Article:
The chancellor of the University of Texas System told the state’s top three political figures Thursday that concealed handguns make a campus “a less-safe environment.”
Chancellor Bill McRaven’s letter to Gov. Greg Abbott, Lt. Gov. Dan Patrick and House Speaker Joe Straus comes as expanded campus-carry legislation appears to have a greater chance of passage than in previous sessions.
Current law generally allows holders of concealed handgun licenses to carry guns on campus grounds but not in campus buildings. Senate Bill 11 would allow license holders to carry guns in buildings, although private colleges could opt out.
McRaven told the American-Statesman this month that he favors tightening, not loosening, the campus-carry law to bar concealed weapons altogether.
His letter cited several points of concern, among them: that the sometimes-fragile emotions of college students could lead to an increase in accidental and self-inflicted wounds, that campus police might not be able to distinguish between “the bad actor and persons seeking to defend themselves and others when both have guns drawn,” that securing weapons when they aren’t being carried could be difficult in high-density campus housing and that laboratory chemicals and equipment could create unexpected hazards in the event a firearm is present or is discharged.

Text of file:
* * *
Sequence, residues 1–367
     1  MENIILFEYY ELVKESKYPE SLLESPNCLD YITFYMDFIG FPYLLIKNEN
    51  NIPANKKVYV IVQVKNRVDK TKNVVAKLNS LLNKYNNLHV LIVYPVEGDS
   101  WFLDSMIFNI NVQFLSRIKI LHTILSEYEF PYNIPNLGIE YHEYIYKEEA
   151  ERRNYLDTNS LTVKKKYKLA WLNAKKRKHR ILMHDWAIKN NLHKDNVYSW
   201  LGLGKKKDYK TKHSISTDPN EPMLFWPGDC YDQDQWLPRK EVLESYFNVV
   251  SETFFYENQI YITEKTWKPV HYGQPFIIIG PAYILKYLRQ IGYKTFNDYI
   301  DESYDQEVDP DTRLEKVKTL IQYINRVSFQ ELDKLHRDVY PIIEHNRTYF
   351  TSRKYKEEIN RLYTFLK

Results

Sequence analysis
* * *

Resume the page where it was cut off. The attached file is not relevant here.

The previous chancellor, Francisco Cigarroa, raised similar concerns two years ago.